Quantcast Tempering Valves

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Glycols and oils will burn when exposed to soldering torch flames.
Always drain the piping before unsoldering joints! Before heating
the joints, remove the air vent to allow fluid vapors to escape. As the
joint comes apart, be prepared for a brief flare. Keep a fire
extinguisher with you- not out in the truck!
Threaded joints in piping filled with glycols or synthetic oils must use teflon-based
thread sealants. Teflon tape, or Rectorseal #100 are two good choices. The only
appropriate sealant for threads exposed to silicone oils is fluorosilicone.
Brazed joints, and flared or compression fittings are all acceptable, but are rarely
used because they are less convenient than soldered or threaded joints.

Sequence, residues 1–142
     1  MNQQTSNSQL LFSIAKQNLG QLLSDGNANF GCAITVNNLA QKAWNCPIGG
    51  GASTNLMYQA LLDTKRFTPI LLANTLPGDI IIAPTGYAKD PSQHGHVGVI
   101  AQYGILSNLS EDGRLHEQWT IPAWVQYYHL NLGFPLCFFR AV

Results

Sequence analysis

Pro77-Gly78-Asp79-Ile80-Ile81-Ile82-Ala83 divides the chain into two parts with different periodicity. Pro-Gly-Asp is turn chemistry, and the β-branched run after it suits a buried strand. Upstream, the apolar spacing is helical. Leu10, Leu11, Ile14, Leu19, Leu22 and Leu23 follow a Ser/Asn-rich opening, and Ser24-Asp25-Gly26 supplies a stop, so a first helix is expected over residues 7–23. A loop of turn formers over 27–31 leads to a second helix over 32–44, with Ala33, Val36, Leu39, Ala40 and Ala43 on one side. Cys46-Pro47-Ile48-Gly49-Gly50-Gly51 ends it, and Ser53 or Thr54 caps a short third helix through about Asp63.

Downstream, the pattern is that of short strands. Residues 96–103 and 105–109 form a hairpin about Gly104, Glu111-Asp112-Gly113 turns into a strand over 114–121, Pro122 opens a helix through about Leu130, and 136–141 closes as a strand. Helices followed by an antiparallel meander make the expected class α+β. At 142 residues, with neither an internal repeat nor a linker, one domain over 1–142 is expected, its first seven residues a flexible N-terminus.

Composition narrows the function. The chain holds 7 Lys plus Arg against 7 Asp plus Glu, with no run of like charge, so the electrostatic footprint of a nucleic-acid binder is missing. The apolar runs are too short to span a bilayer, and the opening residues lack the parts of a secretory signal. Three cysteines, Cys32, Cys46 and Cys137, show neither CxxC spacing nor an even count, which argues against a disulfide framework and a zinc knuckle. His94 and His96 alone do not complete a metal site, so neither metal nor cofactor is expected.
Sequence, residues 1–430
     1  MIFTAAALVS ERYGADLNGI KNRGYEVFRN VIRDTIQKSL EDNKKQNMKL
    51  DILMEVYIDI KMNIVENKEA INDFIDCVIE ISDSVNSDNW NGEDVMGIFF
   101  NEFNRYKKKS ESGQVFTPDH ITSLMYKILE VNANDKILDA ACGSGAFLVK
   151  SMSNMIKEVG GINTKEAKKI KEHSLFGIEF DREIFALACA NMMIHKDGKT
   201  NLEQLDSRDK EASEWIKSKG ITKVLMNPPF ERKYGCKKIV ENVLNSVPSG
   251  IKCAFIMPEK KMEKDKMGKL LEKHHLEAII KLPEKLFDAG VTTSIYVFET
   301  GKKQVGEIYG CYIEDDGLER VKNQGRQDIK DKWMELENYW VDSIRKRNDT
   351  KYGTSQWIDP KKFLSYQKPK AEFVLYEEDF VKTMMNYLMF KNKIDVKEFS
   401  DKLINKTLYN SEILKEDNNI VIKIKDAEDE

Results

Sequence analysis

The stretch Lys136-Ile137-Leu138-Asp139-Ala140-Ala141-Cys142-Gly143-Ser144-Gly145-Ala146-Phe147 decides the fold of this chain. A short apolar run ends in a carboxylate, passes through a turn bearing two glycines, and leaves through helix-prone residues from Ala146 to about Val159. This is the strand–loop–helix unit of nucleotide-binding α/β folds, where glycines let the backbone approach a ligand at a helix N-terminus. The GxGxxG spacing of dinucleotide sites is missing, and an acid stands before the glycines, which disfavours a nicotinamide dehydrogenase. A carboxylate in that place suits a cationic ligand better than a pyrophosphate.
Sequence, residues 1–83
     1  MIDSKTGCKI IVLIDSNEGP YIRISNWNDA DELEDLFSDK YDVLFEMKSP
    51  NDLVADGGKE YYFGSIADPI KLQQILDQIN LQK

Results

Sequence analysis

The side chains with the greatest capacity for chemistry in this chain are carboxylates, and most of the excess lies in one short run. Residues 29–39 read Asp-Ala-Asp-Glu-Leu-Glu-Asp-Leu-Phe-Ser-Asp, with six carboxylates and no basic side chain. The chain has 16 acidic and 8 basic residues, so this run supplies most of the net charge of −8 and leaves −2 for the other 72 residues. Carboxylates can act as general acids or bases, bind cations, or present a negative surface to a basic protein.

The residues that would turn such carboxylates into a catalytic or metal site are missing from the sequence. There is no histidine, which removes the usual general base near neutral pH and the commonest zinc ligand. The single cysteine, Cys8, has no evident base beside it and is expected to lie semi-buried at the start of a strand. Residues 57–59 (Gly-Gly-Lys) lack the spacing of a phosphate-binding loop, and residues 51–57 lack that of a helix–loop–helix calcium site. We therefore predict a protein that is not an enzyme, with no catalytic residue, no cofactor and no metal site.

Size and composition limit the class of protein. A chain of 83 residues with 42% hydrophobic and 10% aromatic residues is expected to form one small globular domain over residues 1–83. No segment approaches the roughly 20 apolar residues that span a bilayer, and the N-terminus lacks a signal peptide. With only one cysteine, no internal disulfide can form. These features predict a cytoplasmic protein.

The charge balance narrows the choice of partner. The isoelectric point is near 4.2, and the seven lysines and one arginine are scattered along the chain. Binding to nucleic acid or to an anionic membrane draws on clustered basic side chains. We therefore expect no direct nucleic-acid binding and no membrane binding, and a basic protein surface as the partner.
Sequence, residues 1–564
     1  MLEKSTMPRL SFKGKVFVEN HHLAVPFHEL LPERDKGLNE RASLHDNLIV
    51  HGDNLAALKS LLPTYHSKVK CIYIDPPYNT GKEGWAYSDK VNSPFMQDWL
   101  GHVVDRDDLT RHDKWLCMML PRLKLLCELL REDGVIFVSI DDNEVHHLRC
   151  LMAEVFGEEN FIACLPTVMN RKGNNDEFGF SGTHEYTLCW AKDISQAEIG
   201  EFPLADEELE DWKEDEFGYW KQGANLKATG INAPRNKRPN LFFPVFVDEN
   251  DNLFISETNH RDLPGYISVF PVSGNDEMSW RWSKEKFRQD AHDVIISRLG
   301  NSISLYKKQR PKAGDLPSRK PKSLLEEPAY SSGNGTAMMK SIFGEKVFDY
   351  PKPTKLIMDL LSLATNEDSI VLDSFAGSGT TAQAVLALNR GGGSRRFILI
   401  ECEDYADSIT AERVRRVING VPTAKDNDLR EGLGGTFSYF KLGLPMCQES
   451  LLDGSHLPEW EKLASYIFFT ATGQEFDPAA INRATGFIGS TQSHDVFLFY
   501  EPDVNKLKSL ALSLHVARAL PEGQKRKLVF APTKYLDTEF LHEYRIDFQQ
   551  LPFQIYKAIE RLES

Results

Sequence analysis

Be sure to completely reinsulate the repaired piping.
The common practice of hydrostatic pressure testing is not
acceptable for systems filled with either synthetic or silicone oils.
Never put water into piping used for oils.
Bypass and Balancing Valves
Compare the configuration of flow balancing and bypass valves against the system's
Operations & Maintenance manual, or against tags or labels on valve handles.
If neither source of information exists, trace the piping to check valve positions. Use
pumps and check valves for clues to flow directions. When flow direction is
determined, tag the valves with this information or mark it on the insulation jacket for
future reference.
Tempering Valves
Check for proper tempering valve operation by running hot water from a fixture until
the temperature stabilizes and measuring the water temperature.


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